LEXINGTON, Ky. (WKYT) – The votes are in from both sides of the aisle impeaching President Donald Trump for the second time, this time for inciting an insurrection.
“This is completely unprecedented, nothing of this sort has ever happened,” UK Professor of Political Science Richard Waterman said. “I think it is more of a statement by members of the U.S. House of Representatives that they consider the breach, the attack on the Capitol that occurred last week as something that has to be addressed by the U.S. Congress.”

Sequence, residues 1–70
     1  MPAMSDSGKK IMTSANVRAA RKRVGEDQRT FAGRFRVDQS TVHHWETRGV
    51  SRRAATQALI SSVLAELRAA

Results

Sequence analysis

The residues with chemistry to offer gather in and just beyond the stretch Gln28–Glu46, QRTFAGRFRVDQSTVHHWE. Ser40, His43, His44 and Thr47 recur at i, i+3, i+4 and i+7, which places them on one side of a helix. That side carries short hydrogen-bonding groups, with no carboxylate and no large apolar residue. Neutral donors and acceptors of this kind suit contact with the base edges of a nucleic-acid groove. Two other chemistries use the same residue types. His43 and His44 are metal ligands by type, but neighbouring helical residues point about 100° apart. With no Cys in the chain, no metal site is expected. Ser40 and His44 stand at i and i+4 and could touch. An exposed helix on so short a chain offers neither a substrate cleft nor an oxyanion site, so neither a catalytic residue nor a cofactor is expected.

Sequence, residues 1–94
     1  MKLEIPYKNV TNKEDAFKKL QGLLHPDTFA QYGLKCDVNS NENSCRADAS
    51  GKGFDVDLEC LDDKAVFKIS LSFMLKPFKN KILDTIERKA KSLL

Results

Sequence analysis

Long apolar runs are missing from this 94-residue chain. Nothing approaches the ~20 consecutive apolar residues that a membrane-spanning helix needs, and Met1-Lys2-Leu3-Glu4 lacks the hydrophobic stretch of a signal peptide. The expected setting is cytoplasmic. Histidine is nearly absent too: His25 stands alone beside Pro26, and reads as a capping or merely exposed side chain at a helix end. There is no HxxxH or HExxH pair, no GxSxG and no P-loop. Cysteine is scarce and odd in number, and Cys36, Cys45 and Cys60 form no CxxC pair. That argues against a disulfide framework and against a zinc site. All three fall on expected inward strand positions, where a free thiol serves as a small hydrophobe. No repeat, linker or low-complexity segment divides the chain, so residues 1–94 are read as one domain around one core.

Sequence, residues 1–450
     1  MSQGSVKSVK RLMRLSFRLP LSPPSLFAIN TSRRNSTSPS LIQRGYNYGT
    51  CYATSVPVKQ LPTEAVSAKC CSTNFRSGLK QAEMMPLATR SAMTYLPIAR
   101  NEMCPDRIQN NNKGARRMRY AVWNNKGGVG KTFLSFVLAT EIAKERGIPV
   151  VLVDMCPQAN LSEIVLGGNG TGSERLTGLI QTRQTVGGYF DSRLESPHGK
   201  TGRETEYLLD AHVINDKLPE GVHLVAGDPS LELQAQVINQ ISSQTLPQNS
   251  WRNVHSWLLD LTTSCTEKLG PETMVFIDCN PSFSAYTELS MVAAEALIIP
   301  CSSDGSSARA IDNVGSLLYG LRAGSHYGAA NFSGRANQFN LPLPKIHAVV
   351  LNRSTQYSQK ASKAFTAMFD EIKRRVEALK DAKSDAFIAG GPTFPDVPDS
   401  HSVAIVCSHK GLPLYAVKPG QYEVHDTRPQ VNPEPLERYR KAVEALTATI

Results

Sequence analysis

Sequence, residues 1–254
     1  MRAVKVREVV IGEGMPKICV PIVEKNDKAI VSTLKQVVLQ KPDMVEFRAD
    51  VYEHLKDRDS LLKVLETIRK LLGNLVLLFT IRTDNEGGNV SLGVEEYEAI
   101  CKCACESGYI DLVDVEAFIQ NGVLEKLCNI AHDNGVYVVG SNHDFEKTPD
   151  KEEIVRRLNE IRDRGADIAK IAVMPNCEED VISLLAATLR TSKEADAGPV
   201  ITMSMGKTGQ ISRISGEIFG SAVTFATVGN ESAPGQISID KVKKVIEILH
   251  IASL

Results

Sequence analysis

With 10 republicans voting in favor, it made this a bipartisan effort. Something that both Waterman and UK Associate Professor of Political Science Stephen Voss said may be more significant than the process itself.
“Every Republican politician is faced with the difficult choice of whether to anger part of their home base or instead to sign on to a wildly unpopular activity that was going on in Washington D.C.,” Voss said.
And, with only days before President-Elect Joe Biden’s Inauguration Day, Voss said it’s likely more about the message than any consequences that could follow a Senate trial.
“Democrats probably do not think they realistically can get President Trump convicted and removed from office,” Voss said. “But, now, what happened and President Trump’s role in it has been repudiated in a very public way and it will be there in the history books, in the record books from here on out.”
Copyright 2021 WKYT. All rights reserved.